Quinoa (pronounced keen-wah) is an ancient grain. Although recently rediscovered in the U.S., quinoa has been cultivated in the Andean mountains of Peru, Chile and Bolivia for over 5,000 years. The grain was prized by the Incas who believed it to be sacred and referred to quinoa as the “mother seed.”
Quinoa is mostly referred to as a grain but botanically speaking it is a seed. The plant is related to spinach, beetroot and chard. Like its green relatives, the leaves of the quinoa plant can be eaten. Unlike its leafy counterparts, quinoa greens are difficult to find at the grocery store.
Quinoa grows on stalks that climb three to nine feet. Although the large seed head can vary in color from red, purple, orange, green, yellow and black, the most popular type is transparent yellow. When cooked, quinoa has a fluffy, creamy and slight crunchy texture and a somewhat nutty flavor. The black and red varieties have a heartier flavor than the more commonly found white types.
After quinoa is harvested, seeds go through a process to remove their coating which contains bitter tasting saponins, a soap like substance. This compound protects the plant while growing and keeps birds from eating the seeds.
A cup of quinoa (without any added salt or spices) has 222 calories. The majority of these calories come from carbohydrates but this serving also provides 5 grams of dietary fiber and 8 grams of protein. Unlike many other grains, quinoa contains a balanced set of essential amino acids making it a complete protein source.
Quinoa is an excellent source of folate and a good source of several B-vitamins including thiamin, riboflavin and vitamin B-6.
Quinoa is also a concentrated source of numerous minerals. It is an excellent source of manganese and magnesium, with one cup providing 58% and 30% of daily values. This grain is also a good source of copper, iron, zinc, potassium and selenium.
This seed is gluten free so it is ideal for people who have wheat allergies. Quinoa is also very easy to digest. Because of its high protein content, quinoa is a great meat substitute for vegetarians and vegans.
Quinoa contains plant lignans. These phytoestrogens or plant estrogens have weaker estrogenic activity than human estrogen. Lab studies have shown that lignans may block the proliferative effect of estrogen in breast cancer development. Other lab studies have shown that these plant chemicals may have a protective effect against prostate cancer by stunting tumor growth.
Selection & Storage
Quinoa is available year round in most supermarkets in prepackaged containers or in the grain section in bulk bins.
Be careful when purchasing quinoa in bulk bins; make sure it is stored in covered bins free from debris. If you buy in bulk, purchase from a store that has a high turnover of product (e.g., Whole Foods).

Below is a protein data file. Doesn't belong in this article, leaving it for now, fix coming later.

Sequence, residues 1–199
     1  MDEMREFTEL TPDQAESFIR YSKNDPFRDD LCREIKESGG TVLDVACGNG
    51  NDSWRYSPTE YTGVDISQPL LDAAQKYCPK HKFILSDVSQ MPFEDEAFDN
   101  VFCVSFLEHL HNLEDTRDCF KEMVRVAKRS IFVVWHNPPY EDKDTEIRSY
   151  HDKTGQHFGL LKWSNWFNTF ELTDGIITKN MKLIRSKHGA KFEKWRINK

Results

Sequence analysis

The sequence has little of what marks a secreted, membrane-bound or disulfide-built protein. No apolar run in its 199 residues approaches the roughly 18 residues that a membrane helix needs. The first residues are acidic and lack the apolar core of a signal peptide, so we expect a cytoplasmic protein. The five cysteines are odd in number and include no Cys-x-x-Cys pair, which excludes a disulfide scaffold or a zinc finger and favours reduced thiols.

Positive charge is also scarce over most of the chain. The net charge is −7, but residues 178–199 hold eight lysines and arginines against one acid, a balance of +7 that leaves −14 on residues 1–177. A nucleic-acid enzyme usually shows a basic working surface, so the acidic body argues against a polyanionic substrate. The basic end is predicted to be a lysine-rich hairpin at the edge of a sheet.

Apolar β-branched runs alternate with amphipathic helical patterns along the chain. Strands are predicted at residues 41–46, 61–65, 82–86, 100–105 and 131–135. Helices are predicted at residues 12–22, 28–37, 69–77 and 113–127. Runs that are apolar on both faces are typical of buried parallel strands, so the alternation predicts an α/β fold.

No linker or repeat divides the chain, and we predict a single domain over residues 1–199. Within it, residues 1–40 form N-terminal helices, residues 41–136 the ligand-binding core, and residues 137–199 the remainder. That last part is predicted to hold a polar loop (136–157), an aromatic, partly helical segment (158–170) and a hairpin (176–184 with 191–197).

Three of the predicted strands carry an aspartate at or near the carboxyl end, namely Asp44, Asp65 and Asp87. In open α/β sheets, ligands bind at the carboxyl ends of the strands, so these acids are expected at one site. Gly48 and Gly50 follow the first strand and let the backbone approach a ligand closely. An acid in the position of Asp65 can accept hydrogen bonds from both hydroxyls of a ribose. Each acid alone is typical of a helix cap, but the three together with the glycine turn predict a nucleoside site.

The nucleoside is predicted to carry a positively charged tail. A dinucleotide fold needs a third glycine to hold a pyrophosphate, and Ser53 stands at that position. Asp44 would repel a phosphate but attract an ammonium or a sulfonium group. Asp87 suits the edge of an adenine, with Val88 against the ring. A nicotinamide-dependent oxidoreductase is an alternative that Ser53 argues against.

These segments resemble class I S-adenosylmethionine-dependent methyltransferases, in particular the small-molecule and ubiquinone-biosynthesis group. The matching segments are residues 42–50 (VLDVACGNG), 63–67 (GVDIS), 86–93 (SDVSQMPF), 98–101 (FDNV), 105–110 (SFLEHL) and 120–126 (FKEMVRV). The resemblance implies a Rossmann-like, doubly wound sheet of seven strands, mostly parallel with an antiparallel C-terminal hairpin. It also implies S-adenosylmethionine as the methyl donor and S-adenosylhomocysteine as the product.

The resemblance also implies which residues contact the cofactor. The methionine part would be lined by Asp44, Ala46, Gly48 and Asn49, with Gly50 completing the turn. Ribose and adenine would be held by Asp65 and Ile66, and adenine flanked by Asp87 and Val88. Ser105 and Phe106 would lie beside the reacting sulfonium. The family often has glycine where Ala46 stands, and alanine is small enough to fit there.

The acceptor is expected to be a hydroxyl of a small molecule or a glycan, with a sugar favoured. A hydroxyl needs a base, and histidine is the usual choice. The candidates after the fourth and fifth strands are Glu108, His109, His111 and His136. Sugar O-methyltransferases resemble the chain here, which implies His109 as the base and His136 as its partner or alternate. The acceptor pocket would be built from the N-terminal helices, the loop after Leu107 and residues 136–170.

To maximize freshness and to ensure no moisture gets into the quinoa, store the seeds in an airtight container. Quinoa will stay fresh up to three to six months if stored in the refrigerator.
Quinoa is a quick healthy addition to any meal that is packed full of protein and takes less than ten minutes to cook.
Quinoa is cooked the same way rice is but takes a shorter period of time. Just add one part of the quinoa to two parts liquid in a saucepan. After the mixture has been brought to a boil just reduce the heat to simmer and cover. One cup of quinoa prepared this way usually takes 10 to 15 minutes. Keep in mind that quinoa expands during the cooking process to several times its original size. When cooked, the grains become translucent and the germ partially detaches itself, appearing like a spiraled tail.
Most boxed quinoa has been pre-rinsed but read the packaging to be sure. If you’re buying bulk, remember to wash quinoa before cooking to eliminate any remaining saponins. An effective method is to run cold water over quinoa that has been placed in a fine mesh strainer and then gently rub the seeds together with your hands. To ensure that the saponins have been completely removed just taste a few seeds. If they still have a bitter taste, keep rinsing the seeds with cold water.
You can use quinoa as a healthy alternative to white rice, pasta or couscous. Easily add color to the dish by mixing in diced bell pepper, tomato, onion, mushroom, zucchini, carrots, corn or chives. Season with pepper & salt, then top with pine nuts or almonds.
A few quick ideas are a veggie stir fry with quinoa, quinoa for breakfast instead of oatmeal – just add almonds, fruit and some cinnamon.
For a few good recipes, try Quinoa Salad with Grilled Corn, Tomatoes and Cilantro or Black Bean-Quinoa Salad with Basil-Lemon Dressing which takes minimal time to prepare. Try this delicious Quinoa Salad with Artichokes and Parsley. For a sweet twist, try Quinoa with Dried Cherries and Pistachios.
In 1980 two Americans discovered the nutrition potential of quinoa and started to cultivate it in Colorado bringing quinoa back to the mainstream for all of us to enjoy.
David H. Rahm, M.D. is the founder and medical director of The Wellness Center, a medical clinic located in Long Beach, CA. Dr. Rahm is also president and medical director of VitaMedica. Dr. Rahm is one of a select group of conventional medical doctors who have education and expertise in functional medicine and nutritional science. Over the past 20 years, Dr. Rahm has published articles in the plastic surgery literature and educated physicians about the importance of good peri-operative nutrition.